China through the looking glass
China through the looking glass is an exhibition on the galleries 206-280 on the Egyptian galleries and the Anna Wintour Costume Center. The China through the looking glass sculpture is dated on its exhibition as of May 7 to August 15 in 2015; China has heard undeniable influence on fashion in the West and most importantly Chinese aesthetics, which is a major aspect that this exhibition explores.
The looking glass fashion is a unique development in the Chinese development of costumes and fashion industry, images of culture and costumes of these Chinese are best displayed and marketed through this fashion design. This was the age when long skirts, frills, and lace designs were completely replaced with this kind of silhouette, diaphanous fabrics, and short skirts. These new diaphanous fabrics were a fashion of the time because of its unique decoration on the outside with many beads. This kind of shift in fashion dressing of short revealing clothes and fabrics blended well with long coats which were quickly integrated in to the dressing system first with the stylists and designers who marketed it at first. The evening coat was an idea developed basing on Chinese culture though with much influence by the Western world. This was an interesting artwork in the exhibition because of the material used and the effect it had on fashion in China.
The Red silk Cheongsam
The Cheongsam (also called the Qipao) is simply a one-piece dress with a high neck and a straight and fitting skirt that covers the whole all the way down to the toes leaving out only the head, hands and the toes. I was attracted to the red Qipao because it is a striking color and gives the impression of sharpness at its best. This type of color does not fit a normal working day or fit for a person on routine. It is clearly meant for classic occasions such as weddings or high-profile meetings. This dress is magnificent especially by the fitting design that is not necessarily hugging. Instead, it comfortably fits round the female figure.
The Cheongsam generally gives the impression of elegance partly because it is decent and also because it is an ancient dress consequently giving the wearer the feeling of belonging and identification. The simplicity of the dress is mostly what defines its beauty and charm. I view it as a complex piece of artwork because it hides all the body leaving no exposed areas yet enhances the ‘woman’ figure in the dress. This comfortable feeling it brings is what impresses and inspires me to identify with the Cheongsam.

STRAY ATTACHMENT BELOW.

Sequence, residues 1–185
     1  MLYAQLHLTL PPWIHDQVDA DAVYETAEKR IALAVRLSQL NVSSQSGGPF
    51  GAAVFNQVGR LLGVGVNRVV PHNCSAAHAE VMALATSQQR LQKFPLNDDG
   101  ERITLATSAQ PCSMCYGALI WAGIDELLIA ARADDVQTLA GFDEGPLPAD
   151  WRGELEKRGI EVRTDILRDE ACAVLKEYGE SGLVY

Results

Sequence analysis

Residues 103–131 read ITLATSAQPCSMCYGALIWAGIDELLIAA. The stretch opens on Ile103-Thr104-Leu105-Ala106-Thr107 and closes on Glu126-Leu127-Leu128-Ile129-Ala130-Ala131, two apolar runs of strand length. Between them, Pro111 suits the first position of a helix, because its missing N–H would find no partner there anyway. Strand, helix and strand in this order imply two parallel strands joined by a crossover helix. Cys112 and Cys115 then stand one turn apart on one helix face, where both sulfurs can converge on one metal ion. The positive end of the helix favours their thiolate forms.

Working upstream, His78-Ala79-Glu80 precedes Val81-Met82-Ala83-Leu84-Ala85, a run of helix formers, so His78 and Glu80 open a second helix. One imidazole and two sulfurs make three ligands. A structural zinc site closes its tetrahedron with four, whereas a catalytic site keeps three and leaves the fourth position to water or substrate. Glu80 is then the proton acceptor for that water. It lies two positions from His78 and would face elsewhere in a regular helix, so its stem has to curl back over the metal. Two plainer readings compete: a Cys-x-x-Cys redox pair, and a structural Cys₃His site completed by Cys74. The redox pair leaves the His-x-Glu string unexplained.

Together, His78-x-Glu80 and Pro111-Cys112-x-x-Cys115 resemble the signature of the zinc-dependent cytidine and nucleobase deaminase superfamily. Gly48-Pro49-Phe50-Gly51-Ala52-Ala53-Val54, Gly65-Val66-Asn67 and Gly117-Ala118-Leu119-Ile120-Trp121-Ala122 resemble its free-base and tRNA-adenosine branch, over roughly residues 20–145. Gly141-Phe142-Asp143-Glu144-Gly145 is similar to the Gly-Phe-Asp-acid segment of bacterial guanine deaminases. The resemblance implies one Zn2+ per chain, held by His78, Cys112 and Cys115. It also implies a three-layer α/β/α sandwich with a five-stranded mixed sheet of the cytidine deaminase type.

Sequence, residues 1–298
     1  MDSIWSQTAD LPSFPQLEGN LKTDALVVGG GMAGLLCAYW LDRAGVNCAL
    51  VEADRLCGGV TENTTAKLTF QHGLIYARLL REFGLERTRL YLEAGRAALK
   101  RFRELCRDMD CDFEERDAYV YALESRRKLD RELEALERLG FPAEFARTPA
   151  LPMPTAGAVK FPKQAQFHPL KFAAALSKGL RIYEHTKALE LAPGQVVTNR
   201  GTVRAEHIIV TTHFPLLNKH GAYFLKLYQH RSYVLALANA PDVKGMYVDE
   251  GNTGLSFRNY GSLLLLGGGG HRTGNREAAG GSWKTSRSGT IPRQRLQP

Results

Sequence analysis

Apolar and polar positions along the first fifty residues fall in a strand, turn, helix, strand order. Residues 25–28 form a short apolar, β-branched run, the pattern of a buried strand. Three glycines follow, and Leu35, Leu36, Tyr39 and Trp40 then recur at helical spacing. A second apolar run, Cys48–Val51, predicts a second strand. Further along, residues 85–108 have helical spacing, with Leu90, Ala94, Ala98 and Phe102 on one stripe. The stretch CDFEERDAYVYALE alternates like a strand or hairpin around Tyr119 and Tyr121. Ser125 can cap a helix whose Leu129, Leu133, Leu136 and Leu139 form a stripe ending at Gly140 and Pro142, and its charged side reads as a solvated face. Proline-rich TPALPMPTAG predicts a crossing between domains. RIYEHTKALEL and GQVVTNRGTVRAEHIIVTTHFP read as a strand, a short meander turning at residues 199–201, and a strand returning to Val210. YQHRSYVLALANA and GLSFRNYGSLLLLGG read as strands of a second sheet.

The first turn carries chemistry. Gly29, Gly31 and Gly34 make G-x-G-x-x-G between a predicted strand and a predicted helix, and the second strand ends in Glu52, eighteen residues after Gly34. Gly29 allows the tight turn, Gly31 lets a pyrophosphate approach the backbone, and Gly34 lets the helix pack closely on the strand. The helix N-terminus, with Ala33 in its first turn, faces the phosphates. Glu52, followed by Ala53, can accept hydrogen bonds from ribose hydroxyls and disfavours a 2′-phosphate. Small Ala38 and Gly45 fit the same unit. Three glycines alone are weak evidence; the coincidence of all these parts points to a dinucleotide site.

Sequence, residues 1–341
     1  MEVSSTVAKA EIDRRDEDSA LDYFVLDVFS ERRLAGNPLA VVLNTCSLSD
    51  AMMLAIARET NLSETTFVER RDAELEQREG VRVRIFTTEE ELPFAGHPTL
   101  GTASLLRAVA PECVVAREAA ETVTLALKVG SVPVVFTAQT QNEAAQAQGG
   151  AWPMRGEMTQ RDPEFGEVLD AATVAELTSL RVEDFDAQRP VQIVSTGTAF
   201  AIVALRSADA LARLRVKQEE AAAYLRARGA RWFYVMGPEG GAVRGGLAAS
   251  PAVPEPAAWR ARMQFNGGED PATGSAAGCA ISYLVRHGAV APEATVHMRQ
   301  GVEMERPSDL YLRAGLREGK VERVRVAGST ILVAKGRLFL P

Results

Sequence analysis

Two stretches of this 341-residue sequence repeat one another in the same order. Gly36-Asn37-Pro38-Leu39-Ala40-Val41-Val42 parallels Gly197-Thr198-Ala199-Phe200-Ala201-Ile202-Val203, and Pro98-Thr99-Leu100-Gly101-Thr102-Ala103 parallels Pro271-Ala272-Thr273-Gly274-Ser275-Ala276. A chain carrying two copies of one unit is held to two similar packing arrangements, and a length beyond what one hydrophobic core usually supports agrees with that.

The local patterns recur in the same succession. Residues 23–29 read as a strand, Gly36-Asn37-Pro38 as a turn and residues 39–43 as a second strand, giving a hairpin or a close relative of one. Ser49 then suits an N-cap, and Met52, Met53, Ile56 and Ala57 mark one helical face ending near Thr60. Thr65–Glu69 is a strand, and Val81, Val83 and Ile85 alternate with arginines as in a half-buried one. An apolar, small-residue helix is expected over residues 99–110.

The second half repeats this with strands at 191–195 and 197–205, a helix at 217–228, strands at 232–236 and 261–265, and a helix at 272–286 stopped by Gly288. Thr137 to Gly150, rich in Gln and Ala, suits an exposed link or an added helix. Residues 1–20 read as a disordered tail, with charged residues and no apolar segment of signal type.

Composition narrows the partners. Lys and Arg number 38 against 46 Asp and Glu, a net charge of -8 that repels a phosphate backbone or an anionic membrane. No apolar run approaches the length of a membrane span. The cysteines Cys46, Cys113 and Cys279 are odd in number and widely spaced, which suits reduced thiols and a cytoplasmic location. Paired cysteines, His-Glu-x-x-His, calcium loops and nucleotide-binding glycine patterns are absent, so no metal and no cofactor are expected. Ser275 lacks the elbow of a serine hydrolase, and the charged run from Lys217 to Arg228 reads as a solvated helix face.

The top part measures 16” from the collar to the waist and goes a further 42” to the hem down at the toes giving one a comfortable feeling with their bodies. It slightly widens at the hip to accommodate an average female figure allowing for wider measurement. The stand-up collars rise upright and are meant to cover most of the neck. The shoulders have shoulder pad to enhance the sharp figure at the shoulders. Seams run from the beneath the sleeves all the way down opening 12” from the toes to create double slits. The slits allow room for the legs to move to a comfortable extent allowing ease in movement and walking. The dress is generally light as there are no pockets or linings attached to the main fabric. Instead, the dress freely runs down to the toes to enhance the feminine look of one’s body. The buttons at the front are used to adjust the size of the maxi and the extent to which one is confined. For instance, when one needs to be involved in vigorous motions and activities, they can open a few buttons to create room to movement.
I discovered a catalog from exhibitions at the Museum where the original purely silk Qipao entirely hand-stitched. This impressed me and I got interested in finding out more about the Chinese Cheongsam. The pattern is cut precisely and does not allow room for error. The hand-stitched garment is almost perfect to look at.
The Qipao (or cheongsam) dress has not only lasted the taste of time, but also will maintain its dominance in fashion since it is easily adjustable as it allows correction and amendments to it. In future, the Qipao may be shorter than it is today or tighter but it all depends on the fashion anticipated. However, I still prefer the oldest design of the dress as it is decent and also identifies one to the ancient history of its origin. The Chinese women are not the only ones who love to dress in these elegant clothes and certainly not the only ones who produce them. The Cheongsam’s fame has spread across the globe as cloth worth for using in coveted occasions like cultural weddings. I personally saw an African-American wearing a Qipao in a traditional black wedding. I realized that the dress had sneaked into another culture based thousands of miles away from the origin of the Manchu women who invented them Cheongsam.